That's why you don't put all of your eggs in one basket by having 1 huge salvo instead of several smaller ones.
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Re: Space Missile Combat: Why salvo when you can launch everything?

Post by chimericoncogene » 2020-03-04 09:41pm

Thank you all for responding.

I think I understand the point of disagreement. In fictional space battles, multiple exchanges of missile fire are depicted as a normal state of affairs. I believe that when your first salvo fails to achieve objectives, you’re in big trouble and should be asking yourself “Why the heck was I stingy with missiles? Why didn’t I add more missiles to that salvo? Why the heck did the spacecraft designers not sacrifice armor for more launch tubes?”

Because, if the target set has mutually supporting defenses, now you have to launch as many missile-equivalents to engage the target set as you did before, and account for freshly repositioned, regenerated, and redeployed defenses (if they exist), instead of having added a marginal number of missiles to overwhelm the enemy previously.

Fiction, of course, is enjoyable mostly when the crap hits the fan.

There are valid answers to these questions. But they tend to be sketchy when sci-fi series postulate relatively inexhaustible laser defenses, mutually supporting spacecraft, and offensive missiles that are bigger than defensive ones. I personally see little reason you would use reloadable launch tubes instead of a big armored bomb bay/VLS setup unless the launch tube is some sort of electromagnetic projector. You generally want your missiles at a safe distance before igniting, whether they are gigawatt chemical rocket motors or neutron spewing nuclear rockets. The tradeoff is obvious (heavy chemical propulsion separation stage and slower deployment vs EM launcher and more responsive launch), and contextual.

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Re: Space Missile Combat: Why salvo when you can launch everything?

Post by chimericoncogene » 2020-03-04 09:59pm

Also, please try to read my posts (My title was unnecessarily strongly toned, sorry). I well understand the necessity of tactics (I specifically cited pindown, elimination of standoff defenses, and radar blackout as reasons for a staggered salvo), the limitations of logistics (heck, I asked "how soon can you resupply", and emphasized "ammunition limits permitting"), the need to achieve mission objectives rather than maximize destruction, and the likelihood that missiles will in the Plausible Mid-Future (TM) be smart enough to act as strike aircraft, with their own decoys, ECM, jamming, chaff, counter-countermissiles, dedicated DEAD packages, lasers, and various other enhancements such that missile swarms may be comparable to self-escorting packages of strike aircraft.

It is difficult to understand why four super-smart super-hardened space torpedoes are not better than two, if you do not expect to engage another enemy before resupply (emphasis). Warships tend to be expensive, and should be (contextual) well worth the cost of expending a few extra missiles with a good margin of safety.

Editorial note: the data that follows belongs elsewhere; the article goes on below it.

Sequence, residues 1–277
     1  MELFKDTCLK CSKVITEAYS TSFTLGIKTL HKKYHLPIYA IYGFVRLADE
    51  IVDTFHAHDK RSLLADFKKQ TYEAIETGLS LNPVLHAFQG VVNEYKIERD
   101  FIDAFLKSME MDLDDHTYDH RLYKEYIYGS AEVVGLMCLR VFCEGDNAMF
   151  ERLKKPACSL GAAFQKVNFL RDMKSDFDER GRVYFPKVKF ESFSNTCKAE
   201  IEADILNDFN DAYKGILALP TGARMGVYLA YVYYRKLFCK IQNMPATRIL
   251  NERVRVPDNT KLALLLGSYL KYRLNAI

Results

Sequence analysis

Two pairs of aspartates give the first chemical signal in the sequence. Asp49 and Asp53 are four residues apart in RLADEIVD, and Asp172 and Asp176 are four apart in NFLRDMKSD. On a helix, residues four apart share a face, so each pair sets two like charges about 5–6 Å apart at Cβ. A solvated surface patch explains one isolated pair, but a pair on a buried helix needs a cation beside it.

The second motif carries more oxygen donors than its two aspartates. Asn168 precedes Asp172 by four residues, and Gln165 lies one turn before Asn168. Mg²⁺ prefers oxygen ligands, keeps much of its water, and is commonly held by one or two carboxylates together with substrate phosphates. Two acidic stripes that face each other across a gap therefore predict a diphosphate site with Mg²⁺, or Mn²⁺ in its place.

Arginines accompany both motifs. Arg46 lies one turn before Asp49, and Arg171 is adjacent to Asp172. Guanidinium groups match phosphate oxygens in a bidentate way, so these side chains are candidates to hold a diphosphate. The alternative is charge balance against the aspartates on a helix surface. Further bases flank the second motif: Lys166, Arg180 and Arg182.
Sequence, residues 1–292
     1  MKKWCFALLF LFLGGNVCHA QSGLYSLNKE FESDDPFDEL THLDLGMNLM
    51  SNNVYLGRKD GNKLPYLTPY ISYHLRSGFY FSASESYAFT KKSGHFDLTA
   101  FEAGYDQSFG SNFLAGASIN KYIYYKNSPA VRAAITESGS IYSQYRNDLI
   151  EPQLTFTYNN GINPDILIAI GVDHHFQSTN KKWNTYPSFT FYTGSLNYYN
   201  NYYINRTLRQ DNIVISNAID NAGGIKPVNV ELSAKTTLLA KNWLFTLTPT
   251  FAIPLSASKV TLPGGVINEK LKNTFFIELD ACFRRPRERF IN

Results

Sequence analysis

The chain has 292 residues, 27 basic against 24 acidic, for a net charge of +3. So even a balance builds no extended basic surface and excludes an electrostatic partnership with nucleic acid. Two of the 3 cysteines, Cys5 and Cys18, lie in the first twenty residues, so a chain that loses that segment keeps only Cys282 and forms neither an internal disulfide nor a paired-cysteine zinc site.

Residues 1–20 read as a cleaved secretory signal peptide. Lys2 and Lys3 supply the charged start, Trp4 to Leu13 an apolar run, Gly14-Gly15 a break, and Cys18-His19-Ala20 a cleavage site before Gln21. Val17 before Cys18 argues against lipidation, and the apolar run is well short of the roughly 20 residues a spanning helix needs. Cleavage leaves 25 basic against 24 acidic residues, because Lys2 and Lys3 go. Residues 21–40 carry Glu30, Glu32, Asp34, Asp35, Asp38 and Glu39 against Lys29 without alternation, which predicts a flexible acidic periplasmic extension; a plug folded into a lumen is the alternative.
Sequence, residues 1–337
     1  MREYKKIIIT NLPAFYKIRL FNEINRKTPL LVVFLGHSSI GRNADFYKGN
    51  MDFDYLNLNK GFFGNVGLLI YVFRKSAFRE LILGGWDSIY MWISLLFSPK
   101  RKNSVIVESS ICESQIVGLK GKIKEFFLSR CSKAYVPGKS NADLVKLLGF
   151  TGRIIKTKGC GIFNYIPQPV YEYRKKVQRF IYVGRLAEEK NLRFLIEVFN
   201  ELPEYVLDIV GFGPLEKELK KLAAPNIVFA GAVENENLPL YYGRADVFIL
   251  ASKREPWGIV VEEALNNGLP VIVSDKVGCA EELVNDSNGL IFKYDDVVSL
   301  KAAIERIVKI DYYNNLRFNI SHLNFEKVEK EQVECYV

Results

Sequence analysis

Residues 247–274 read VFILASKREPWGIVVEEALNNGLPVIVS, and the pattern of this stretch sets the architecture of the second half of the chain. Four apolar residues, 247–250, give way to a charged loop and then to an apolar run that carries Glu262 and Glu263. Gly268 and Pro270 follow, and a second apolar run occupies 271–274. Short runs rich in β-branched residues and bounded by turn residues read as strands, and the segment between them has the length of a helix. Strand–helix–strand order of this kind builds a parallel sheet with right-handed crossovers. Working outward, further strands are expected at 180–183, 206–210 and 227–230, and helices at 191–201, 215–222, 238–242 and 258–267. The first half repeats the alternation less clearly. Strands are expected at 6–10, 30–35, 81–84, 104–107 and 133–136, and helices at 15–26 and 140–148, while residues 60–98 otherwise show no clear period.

The closest analogs to space warfare, I believe, are the old SDI vs Ballistic Missile studies. Brilliant Pebbles (the original concept, I recall, was too vague and had many problems) are smaller than inbound torpedoes (contextual). You will have more of them. Defensive Casaba-Howitzers are not necessarily smaller, or cheaper. In ballistic missile warfare, it is entirely reasonable to put three warheads on each target (but that was mostly because of unreliability rather than defensive considerations; that is, if you could shoot-look-shoot, they would've - that was the point of bombers). Spaceships are high-value targets. The highest, since they can shoot back. Note how ballistic missile defenses were much easier to do when the inbound attack was small rather than large. Aerodynamic bombers and hypersonic gliders don't work in space.

When you're throwing Casaba Howitzers and nuclear warheads around, I think any mission kill will be reasonably hard for the plausible mid-future. Kinetics are another matter, I suppose. But if it's still shooting back, well, you didn't shoot it enough - and now your second salvo of kinetics needs to be bigger (or more sophisticated) to survive reconstituted defenses e.g. more Pebbles dumped into space (if any, contextual) than if you added it to the first salvo. Wet navy warships can survive up to the edge of small nuclear fireballs, but I’d say those are pretty hard kills, what with the badly damaged weapons, warped carrier decks, and wrecked electronic systems (among the most irreplaceable and expensive bits of any warship), dead crew (also irreplaceable), and all.

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Re: Space Missile Combat: Why salvo when you can launch everything?

Post by LadyTevar » 2020-03-04 10:02pm

chimericoncogene wrote:
2020-03-04 09:41pm
There are valid answers to these questions. But they tend to be sketchy when sci-fi series postulate relatively inexhaustible laser defenses, mutually supporting spacecraft, and offensive missiles that are bigger than defensive ones. I personally see little reason you would use reloadable launch tubes instead of a big armored bomb bay/VLS setup unless the launch tube is some sort of electromagnetic projector. You generally want your missiles at a safe distance before igniting, whether they are gigawatt chemical rocket motors or neutron spewing nuclear rockets. The tradeoff is obvious (heavy chemical propulsion separation stage and slower deployment vs EM launcher and more responsive launch), and contextual.